A top boss at Ukraine national energy firm Naftogaz received a standing ovation in Aberdeen today as he thanked the city for housing displaced families of his employees.
A total of 36 women and children from the war-torn city of Kharkiv are arriving in north-east Scotland this week.
They’re all employees or relatives of employees for Naftogaz, being supported by industry trade body Offshore Energies UK (OEUK), Aberdeen City Council and the Scottish Government, via the latter’s super sponsor scheme.
Speaking at the OEUK conference in Aberdeen on Tuesday, Naftogaz chief operating officer Mavriky Kalugin was met with huge applause as he expressed his appreciation.
“I’d like to underscore again: thank you to the United Kingdom, and OEUK, as well as Aberdeen City Council for taking care of our families, our people, for supporting us throughout this difficult time.
“Thank you from the bottom of my heart, and Slava Ukraini”, he closed, receiving acclamation from the P&J Live audience.
Many of the conference’s main themes around security of supply were directly triggered by the recent events in Ukraine.
Scottish Just Transition minister Richard Lochhead condemned Russia’s “illegal, unprovoked invasion” of the country.
Meanwhile Lord Malcolm Offord, UK Scotland Office minister, said the atrocities have delivered “dreadful suffering on a scale more like 1942 than 2022”.
He condemned Putin “weaponising energy supplies” in reference to cutting off Poland, Bulgaria and, more recently, Finland, but praised the “astonishing tenacity” of Ukraine’s armed forces against Russia.
Mr Kalugin set out the efforts of his company in supplying Ukraine with energy, as well as some of the country’s immediate and long-term requirements.
“We need petroleum products like diesel. We were a vertically integrated company, (but) our refinery was bombed three bombs with three or four cruise missiles each time.”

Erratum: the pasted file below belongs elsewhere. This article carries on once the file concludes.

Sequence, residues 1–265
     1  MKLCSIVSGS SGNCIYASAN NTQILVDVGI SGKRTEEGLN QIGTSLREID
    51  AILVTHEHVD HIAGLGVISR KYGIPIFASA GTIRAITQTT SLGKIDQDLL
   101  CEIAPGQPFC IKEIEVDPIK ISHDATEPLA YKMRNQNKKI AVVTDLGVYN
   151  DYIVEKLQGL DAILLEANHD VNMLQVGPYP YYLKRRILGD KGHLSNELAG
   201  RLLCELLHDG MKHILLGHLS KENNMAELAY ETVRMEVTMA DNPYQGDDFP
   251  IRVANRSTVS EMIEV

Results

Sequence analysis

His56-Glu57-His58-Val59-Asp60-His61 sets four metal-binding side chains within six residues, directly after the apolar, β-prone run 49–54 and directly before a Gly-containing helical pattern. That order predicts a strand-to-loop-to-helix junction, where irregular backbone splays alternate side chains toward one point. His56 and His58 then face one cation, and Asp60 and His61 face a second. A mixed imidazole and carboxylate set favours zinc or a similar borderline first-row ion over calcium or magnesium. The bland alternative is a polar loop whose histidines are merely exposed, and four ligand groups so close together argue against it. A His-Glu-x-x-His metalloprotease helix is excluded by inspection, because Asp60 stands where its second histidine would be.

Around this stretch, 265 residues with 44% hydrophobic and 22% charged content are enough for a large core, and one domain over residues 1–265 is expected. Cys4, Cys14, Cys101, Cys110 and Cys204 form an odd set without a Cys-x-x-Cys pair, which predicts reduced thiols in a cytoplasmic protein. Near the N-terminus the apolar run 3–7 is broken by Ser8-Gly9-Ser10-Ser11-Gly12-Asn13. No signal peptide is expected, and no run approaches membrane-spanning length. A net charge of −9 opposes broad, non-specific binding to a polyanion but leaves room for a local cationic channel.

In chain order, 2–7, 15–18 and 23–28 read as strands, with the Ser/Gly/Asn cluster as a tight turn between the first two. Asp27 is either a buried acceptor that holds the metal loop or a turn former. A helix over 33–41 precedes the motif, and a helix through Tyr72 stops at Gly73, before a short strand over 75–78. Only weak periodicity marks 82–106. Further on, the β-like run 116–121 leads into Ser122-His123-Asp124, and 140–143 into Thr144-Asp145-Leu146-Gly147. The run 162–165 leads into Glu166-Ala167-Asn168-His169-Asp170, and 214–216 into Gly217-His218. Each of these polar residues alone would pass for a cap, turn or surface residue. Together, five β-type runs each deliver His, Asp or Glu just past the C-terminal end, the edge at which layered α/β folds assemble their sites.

Along with those products, Ukraine has a more immediate challenge.
Naftogaz estimates Ukraine will need to acquire 3-4 billion cubic metres (bcm) of gas in order to meet the coming winter demand – equating to about a third of its overall supply at present.
At today’s spot prices, the country simply cannot afford it, he said.
“Our supply is roughly still close to 17 bcm – maybe a little less, 15, 14 bcm – in total. Our demand is significantly less.
“But we believe we will need to procure 3-4 bcm of gas for the next heating season. We really don’t have a source for that and we’re reaching to the European community, the American government and others to help us acquire that.
“It’s our biggest challenge in the very near future.”
The session was chaired by OEUK health, safety & environment director Mark Wilson, who underscored the “horror” of the events unfolding and praised the humanitarian efforts underway.
It’s hoped more will follow the 36 new arrivals in Aberdeen this week.
He said: “We hope that, with your support, in the future more will be able to move from Ukraine to Aberdeen, supported by OEUK, its members and Aberdeen City Council, with future options for energy industry employment while they wait to return to their home of Ukraine in the future.”